Name: Sarah Auslander
Title: Design Expert
In her four years with Tel Aviv’s innovation team, Sarah Auslander has been the chief instigator for a human-centered design approach to City Hall problem solving. Whether the team is working on finding ways to help families save money or reducing feelings of loneliness among the elderly, Auslander makes sure residents are at the center of the process. That means engaging them in the research, tapping their ideas for new solutions, and testing prototypes of those ideas with them to get feedback on what does and doesn’t work. Now, she’ll be spreading these methods to cities across Israel as part of a new national organization called Hazira — it’s launching today.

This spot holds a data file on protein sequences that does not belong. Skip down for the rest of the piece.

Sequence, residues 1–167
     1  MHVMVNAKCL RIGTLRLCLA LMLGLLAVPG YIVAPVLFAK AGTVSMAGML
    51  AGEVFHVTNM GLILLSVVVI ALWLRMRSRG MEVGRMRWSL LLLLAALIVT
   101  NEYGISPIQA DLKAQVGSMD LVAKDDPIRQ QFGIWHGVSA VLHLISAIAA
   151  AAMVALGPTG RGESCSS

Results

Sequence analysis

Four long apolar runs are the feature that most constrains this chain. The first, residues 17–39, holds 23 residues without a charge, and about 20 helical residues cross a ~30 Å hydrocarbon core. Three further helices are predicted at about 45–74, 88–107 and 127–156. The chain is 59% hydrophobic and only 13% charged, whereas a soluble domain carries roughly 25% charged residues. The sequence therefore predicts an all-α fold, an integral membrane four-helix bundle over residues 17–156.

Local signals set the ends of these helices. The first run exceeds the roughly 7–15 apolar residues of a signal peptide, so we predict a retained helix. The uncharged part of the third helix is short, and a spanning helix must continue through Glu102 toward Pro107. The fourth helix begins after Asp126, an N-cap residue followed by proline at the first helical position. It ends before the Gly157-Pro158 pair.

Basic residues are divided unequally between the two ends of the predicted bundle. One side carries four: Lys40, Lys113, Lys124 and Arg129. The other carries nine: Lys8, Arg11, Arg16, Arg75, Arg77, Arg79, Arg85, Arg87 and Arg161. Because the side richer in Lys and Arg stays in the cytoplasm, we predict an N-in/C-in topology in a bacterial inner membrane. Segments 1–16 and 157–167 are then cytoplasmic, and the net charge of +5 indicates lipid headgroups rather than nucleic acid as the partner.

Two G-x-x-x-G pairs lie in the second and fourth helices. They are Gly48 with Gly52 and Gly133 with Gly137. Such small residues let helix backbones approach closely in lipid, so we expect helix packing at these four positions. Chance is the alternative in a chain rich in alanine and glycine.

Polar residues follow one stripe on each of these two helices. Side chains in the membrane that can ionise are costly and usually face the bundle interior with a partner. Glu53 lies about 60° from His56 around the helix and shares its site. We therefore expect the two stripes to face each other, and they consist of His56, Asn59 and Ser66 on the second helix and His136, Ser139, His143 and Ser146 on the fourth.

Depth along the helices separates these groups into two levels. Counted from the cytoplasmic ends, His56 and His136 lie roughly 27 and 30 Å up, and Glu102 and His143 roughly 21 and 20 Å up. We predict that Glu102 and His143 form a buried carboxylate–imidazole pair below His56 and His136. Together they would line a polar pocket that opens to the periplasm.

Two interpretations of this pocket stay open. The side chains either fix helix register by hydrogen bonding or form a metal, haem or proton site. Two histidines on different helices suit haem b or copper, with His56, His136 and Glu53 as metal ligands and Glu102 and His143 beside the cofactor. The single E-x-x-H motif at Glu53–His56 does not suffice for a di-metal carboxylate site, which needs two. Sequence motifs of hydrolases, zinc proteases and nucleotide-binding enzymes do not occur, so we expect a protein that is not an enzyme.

Along with several veterans of the Tel Aviv i-team, Auslander will mentor and coach staff in a dozen cities in how to use innovation tools to solve tough challenges. “The biggest opportunity is creating in-house innovation capacity in these cities,” Auslander said. “People in the cities will work with us part-time on key challenges, and then go back to their everyday jobs. So they’ll be bringing everything they learn back with them to their departments and spreading the knowledge.”
What’s particularly exciting is that Hazira — launched as a partnership between Bloomberg Philanthropies, the Israeli Ministry of the Interior, and the Peres Center for Peace and Innovation — will be working with cities that are a good bit smaller than Tel Aviv and the two other Israeli cities that already have i-teams, Jerusalem and Be’er Sheva. “There’s a good opportunity here,” Auslander said, “to deliver innovation to governments that don’t usually have the capacity or funds to do this kind of work.”
“As professionals in design or data or other disciplines, we have our own skills and tools and language, but we have to be inclusive about how we use them. Remember that residents and the municipal workers who serve them are the real experts.”